worth, noble self-denial, and devotion which are often met withand,
alas! but too often disregarded--in the poor and ignorant natives of
that deeply-injured, and much abused land. A few words about my old
favourite may not prove uninteresting to my readers.

Jenny Buchanan, or as she called it, Bohanon, was the daughter of a
petty exciseman, of Scotch extraction (hence her industry) who, at
the time of her birth, resided near the old town of Inniskillen. Her
mother died a few months after she was born; and her father, within
the twelve months, married again. In the meanwhile, the poor orphan
babe had been adopted by a kind neighbour, the wife of a small
farmer in the vicinity.

In return for coarse food and scanty clothing, the little Jenny
became a servant-of-all-work. She fed the pigs, herded the cattle,
assisted in planting potatoes and digging peat from the bog, and
was undisputed mistress of the poultry-yard. As she grew up to
womanhood, the importance of her labours increased. A better reaper
in the harvest-field, or footer of turf in the bog, could not be
found in the district, or a woman more thoroughly acquainted with
the management of cows and the rearing of young cattle; but here
poor Jenny's accomplishments terminated.

Her usefulness was all abroad. Within the house she made more dirt
than she had the inclination or the ability to clear away. She could
neither read, nor knit, nor sew; and although she called herself a
Protestant, and a Church of England woman, she knew no more of
religion, as revealed to man through the Word of God, than the
savage who sinks to the grave in ignorance of a Redeemer. Hence
she stoutly resisted all ideas of being a sinner, or of standing
the least chance of receiving hereafter the condemnation of one.

"Och, sure thin," she would say, with simple earnestness of look and
manner, almost irresistible. "God will never throuble Himsel' about
a poor, hard-working crathur like me, who never did any harm to the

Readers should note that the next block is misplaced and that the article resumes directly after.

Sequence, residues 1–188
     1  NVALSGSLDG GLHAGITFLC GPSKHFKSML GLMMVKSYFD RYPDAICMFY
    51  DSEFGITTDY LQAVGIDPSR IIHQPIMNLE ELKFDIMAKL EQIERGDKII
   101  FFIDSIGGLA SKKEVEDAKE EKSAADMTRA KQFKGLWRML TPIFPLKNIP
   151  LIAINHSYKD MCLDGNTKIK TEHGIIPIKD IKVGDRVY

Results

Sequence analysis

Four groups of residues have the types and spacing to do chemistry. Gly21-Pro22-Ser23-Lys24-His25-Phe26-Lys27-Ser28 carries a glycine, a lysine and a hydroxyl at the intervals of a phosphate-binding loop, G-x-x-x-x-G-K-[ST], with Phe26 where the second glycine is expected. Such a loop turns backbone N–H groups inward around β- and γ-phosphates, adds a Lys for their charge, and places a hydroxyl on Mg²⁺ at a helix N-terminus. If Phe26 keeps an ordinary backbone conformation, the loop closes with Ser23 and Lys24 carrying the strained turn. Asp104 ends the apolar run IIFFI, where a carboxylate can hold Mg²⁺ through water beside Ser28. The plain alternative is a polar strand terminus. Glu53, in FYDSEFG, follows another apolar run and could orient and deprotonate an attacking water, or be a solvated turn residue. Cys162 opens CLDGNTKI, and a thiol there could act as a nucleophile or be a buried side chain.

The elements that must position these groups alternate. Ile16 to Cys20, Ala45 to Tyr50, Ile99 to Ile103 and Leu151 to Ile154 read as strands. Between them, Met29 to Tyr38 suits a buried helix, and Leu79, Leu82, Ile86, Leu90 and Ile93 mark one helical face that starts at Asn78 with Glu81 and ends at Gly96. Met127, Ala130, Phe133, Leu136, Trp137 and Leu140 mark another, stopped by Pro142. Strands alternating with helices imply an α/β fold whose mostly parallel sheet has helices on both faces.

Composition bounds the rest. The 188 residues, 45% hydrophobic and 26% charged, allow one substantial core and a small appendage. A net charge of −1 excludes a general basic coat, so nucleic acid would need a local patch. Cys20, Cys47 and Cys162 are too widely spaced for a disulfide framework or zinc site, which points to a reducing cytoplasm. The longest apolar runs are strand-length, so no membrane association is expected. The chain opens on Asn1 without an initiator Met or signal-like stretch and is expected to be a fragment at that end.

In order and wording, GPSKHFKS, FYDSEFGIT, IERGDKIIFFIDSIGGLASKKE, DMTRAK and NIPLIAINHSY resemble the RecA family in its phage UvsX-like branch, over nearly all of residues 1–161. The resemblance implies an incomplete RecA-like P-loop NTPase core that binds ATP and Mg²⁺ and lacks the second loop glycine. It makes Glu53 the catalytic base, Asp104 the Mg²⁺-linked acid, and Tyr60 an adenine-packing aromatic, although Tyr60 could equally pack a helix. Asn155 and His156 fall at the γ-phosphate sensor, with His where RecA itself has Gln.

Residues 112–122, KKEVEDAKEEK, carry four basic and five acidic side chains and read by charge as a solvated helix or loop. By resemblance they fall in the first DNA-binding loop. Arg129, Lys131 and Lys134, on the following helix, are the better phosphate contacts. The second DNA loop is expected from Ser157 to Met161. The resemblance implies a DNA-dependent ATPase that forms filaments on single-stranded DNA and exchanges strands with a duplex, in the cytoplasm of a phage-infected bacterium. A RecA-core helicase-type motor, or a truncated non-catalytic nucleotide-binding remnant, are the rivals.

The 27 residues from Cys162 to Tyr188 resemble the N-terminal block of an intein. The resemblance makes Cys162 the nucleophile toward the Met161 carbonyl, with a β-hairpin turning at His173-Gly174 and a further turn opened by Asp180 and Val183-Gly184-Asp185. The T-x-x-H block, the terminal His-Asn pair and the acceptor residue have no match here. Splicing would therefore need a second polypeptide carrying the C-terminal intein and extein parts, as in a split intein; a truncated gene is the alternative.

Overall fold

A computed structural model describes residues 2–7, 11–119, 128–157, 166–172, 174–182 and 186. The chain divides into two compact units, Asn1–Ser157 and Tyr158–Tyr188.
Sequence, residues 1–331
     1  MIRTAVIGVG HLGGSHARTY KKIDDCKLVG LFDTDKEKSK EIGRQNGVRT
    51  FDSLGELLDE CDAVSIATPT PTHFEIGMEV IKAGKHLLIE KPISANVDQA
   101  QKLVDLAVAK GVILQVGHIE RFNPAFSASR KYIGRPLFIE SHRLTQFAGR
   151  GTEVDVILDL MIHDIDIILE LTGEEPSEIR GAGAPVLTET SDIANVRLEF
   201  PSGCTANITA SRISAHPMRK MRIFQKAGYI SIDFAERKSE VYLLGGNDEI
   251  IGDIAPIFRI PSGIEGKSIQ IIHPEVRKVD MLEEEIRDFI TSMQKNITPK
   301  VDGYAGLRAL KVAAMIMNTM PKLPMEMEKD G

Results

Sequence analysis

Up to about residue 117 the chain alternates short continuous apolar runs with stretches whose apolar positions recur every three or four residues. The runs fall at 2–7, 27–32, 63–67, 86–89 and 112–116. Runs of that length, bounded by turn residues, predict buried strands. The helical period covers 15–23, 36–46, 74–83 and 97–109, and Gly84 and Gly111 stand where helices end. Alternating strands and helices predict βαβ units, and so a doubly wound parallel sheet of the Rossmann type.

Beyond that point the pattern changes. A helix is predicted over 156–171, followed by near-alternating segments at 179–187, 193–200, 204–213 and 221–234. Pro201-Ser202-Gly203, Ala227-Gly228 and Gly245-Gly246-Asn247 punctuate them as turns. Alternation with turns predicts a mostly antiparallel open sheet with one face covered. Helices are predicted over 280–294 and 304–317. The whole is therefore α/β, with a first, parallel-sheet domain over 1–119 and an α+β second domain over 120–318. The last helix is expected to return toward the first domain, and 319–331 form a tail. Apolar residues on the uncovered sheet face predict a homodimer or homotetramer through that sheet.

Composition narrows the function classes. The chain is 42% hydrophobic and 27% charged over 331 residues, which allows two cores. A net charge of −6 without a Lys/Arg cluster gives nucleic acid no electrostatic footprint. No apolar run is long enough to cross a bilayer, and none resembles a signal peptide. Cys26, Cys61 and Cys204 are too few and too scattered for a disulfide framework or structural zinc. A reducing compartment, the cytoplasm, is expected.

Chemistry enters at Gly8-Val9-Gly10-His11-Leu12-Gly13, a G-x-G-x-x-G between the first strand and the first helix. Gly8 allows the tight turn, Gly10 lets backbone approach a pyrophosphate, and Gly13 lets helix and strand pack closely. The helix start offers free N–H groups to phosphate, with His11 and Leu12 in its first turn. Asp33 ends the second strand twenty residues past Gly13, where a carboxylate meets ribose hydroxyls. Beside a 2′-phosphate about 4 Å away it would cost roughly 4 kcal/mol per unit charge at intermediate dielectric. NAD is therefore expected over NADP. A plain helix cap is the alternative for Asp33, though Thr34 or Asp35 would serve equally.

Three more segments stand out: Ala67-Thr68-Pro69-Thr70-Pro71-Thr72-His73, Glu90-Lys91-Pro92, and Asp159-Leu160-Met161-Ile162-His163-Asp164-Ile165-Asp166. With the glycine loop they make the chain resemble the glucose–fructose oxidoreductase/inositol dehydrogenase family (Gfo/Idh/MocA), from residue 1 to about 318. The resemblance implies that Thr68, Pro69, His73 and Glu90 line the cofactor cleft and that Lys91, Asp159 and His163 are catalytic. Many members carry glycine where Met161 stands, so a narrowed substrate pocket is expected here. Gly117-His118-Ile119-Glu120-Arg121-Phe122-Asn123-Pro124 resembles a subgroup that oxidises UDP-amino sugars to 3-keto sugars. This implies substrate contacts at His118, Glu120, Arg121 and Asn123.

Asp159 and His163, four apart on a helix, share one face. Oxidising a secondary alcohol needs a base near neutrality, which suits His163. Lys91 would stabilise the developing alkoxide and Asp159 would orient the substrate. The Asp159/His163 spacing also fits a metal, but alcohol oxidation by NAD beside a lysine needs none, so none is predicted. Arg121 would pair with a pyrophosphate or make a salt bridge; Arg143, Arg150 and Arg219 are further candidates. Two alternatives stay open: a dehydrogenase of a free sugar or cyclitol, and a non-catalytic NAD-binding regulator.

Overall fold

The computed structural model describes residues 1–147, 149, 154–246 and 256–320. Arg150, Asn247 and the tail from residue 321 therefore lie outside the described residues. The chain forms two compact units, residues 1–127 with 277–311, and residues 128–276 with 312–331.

manest of His makin'."

One thing was certain, that a benevolent Providence had "throubled
Himsel'" about poor Jenny in times past, for the warm heart of this
neglected child of nature contained a stream of the richest
benevolence, which, situated as she had been, could not have been
derived from any other source. Honest, faithful, and industrious,
Jenny became a law unto herself, and practically illustrated the
golden rule of her blessed Lord, "to do unto others as we would they
should do unto us." She thought it was impossible that her poor
services could ever repay the debt of gratitude that she owed to the
family who had brought her up, although the obligation must have
been entirely on their side. To them she was greatly attached--for
them she toiled unceasingly; and when evil days came, and they were
not able to meet the rent-day, or to occupy the farm, she determined
to accompany them in their emigration to Canada, and formed one of
the stout-hearted band that fixed its location in the lonely and
unexplored wilds now known as the township of Dummer.

During the first year of their settlement, the means of obtaining
the common necessaries of life became so precarious, that, in order
to assist her friends with a little ready money, Jenny determined
to hire out into some wealthy house as a servant. When I use the
term wealth as applied to any bush-settler, it is of course only
comparatively; but Jenny was anxious to obtain a place with settlers
who enjoyed a small income independent of their forest means.

Her first speculation was a complete failure. For five long,
hopeless years she served a master from whom she never received a
farthing of her stipulated wages. Still her attachment to the family
was so strong, and had become so much the necessity of her life,
that the poor creature could not make up her mind to leave them.
The children whom she had received into her arms at their birth,
and whom she had nursed with maternal tenderness, were as dear to
her as if they had been her own; she continued to work for them
although her clothes were worn to tatters, and her own friends were
too poor to replace them.

Her master, Captain N---, a handsome, dashing officer, who had
served many years in India, still maintained the carriage and
appearance of a gentleman, in spite of his mental and moral
degradation arising from a constant state of intoxication; he still
promised to remunerate at some future day her faithful services;
and although all his neighbours well knew that his means were
exhausted, and that that day would never come, yet Jenny, in the
simplicity of her faith, still toiled on, in the hope that the
better day he spoke of would soon arrive.

And now a few words respecting this master, which I trust may serve
as a warning to others. Allured by the bait that has been the ruin
of so many of his class, the offer of a large grant of land, Captain
N--- had been induced to form a settlement in this remote and
untried township; laying out much, if not all, of his available
means in building a log house, and clearing a large extent of barren